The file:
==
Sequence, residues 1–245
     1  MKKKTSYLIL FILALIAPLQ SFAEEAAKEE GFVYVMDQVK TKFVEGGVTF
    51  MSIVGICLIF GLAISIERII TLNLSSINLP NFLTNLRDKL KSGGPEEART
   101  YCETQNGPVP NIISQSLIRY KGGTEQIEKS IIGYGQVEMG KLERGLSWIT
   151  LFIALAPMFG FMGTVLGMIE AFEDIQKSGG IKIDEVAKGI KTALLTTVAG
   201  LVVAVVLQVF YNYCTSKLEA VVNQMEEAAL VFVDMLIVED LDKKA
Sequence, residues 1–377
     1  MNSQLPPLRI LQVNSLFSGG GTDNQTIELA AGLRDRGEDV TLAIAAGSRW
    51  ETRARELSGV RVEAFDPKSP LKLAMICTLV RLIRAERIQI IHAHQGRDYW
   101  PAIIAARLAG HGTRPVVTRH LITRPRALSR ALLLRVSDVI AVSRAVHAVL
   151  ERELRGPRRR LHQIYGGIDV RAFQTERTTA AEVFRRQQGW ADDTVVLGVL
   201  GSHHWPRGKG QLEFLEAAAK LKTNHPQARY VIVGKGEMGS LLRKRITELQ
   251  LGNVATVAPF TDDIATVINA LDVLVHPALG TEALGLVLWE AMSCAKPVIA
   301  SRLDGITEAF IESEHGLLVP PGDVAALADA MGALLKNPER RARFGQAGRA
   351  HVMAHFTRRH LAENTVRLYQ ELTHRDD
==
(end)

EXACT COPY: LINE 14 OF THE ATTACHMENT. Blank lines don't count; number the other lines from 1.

   301  SRLDGITEAF IESEHGLLVP PGDVAALADA MGALLKNPER RARFGQAGRA